Venezuela: 20% Minimum Salary Raise, Withdrawal from World Bank and IMF
Caracas, May 1, 2007 (venezuelanalysis.com)— Venezuelan President Hugo Chavez announced yesterday that the country’s minimum wage would be raised by 20%, to $286 per month, and that Venezuela would withdraw its membership from the World Bank and the International Monetary Fund. Also, Chavez said that by 2010 the Venezuelan work week will be lowered from 44 to 36 hours.
Chavez made the announcements yesterday evening, during a celebration on the evening before International Workers’ Day, May 1st.
“This is one of the highest minimum wages in all of Latin America,” said Chavez. “In many countries the minimum wage does not reach $100 today, we are at nearly $300 with the minimum salary.”
Opposition union leader, Manuel Cova, the General Secretary of the union federation CTV, said the wage increase was “insufficient” because it does not allow workers to afford to purchase the basic food basket, as calculated by the National Statistics Institute. Cova said what is needed instead is a both a greater increase and a general wage increase for all workers.
Chavez, though, emphasized last night that public sector workers also receive food stamps worth about $209, thus bringing the actual minimum wage for public sector workers up to $495.
The minimum wage raise will also affect retirees’ social security benefits, which are, according to Venezuela’s 1999 constitution, required to be at least as high as the minimum wage.
Chavez also pointed out that in 1996 the minimum wage was only $36, because of the over 100% inflation of that year. By 1998, the year before Chavez was elected, it was at $183, though. The low level of the minimum wage in the 1990’s, said Chavez, was due to the loan conditions that the International Monetary Fund (IMF) had imposed on Venezuela, which “imposed savage social policies” and did not allow for minimum wage increases.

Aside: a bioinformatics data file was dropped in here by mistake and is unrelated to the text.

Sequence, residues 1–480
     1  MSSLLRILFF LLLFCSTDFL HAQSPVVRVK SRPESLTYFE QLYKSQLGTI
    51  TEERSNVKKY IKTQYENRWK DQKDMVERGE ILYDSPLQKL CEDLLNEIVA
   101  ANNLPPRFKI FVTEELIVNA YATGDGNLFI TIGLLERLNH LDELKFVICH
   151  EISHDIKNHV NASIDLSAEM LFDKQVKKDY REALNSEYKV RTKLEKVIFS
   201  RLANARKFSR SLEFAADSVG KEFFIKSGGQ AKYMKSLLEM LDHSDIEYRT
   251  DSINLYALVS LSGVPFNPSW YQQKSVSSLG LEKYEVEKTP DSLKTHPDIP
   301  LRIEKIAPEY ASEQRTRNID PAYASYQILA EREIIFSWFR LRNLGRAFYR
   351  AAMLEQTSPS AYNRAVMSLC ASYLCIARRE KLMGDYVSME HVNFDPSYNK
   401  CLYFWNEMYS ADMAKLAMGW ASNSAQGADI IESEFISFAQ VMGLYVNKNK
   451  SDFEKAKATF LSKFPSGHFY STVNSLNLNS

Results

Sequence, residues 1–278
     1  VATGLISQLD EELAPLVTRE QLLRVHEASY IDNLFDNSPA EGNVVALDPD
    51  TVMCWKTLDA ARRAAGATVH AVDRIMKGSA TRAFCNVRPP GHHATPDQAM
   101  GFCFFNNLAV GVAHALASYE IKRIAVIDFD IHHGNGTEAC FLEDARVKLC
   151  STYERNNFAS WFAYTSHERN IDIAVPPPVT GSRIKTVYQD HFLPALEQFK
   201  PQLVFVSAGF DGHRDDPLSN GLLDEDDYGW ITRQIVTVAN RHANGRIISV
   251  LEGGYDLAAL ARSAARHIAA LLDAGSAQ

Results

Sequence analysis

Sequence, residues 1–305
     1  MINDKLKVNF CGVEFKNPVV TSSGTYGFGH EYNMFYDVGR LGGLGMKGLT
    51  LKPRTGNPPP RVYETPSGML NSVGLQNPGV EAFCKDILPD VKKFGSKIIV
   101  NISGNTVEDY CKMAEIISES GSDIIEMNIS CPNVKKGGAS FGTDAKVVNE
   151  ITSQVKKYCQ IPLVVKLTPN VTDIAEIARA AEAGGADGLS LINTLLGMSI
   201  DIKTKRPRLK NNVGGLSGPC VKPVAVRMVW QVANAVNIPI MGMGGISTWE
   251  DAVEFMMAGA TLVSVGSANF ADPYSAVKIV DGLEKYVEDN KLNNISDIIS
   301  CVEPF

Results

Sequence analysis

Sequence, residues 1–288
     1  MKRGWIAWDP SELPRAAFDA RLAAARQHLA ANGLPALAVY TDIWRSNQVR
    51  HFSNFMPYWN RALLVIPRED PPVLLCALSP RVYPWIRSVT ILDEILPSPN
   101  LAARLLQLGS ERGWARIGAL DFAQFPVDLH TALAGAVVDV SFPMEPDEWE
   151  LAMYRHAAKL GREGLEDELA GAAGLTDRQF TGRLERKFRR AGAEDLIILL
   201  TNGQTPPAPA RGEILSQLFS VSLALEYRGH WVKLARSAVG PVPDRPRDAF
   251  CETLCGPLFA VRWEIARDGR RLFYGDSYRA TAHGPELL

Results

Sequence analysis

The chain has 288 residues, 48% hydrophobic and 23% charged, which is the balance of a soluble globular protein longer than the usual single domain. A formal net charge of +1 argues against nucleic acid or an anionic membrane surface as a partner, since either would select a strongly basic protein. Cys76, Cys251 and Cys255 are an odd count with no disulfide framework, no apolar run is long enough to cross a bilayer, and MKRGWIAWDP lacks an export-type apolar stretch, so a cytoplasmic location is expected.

Venezuela to leave IMF and World Bank
In this connection Chavez announced that Venezuela will withdraw its membership from the World Bank and the IMF. According to Chavez, Venezuela can leave these institutions because, “We do not need to go to Washington, to the Monetary Fund nor to the World Bank. We will withdraw. I want to sign the order this evening and ask that they return what is owed us.”
Venezuela’s foreign currency reserves are currently at $29 billion, plus it has a development fund, known as Fonden, which is estimated to contain another $13 billion. As such, Venezuela currently appears to have plenty of funds to cover a financial emergency.
An additional reason Venezuela can leave these two key financial institutions is that it is in the midst of setting up the Bank of the South, together with Brazil, Argentina, Bolivia, and Ecuador, which would be able to support member countries. Brazil indicated an interest in joining only recently, which would be able to provide significant assets to the new bank.
Work Week to be Lowered to 36 Hours
Chavez’s third major announcement for the International Workers’ Day was that Venezuela will begin to study how the work week can be reduced from 44 hours per week to 36 hours by the year 2010.Vice-President Jorge Rodriguez and Labor Minister José Ramón Rivero would head up a commission, “for the study, activation, for constitutional reform and enabling law, on the new work day,” said Chavez.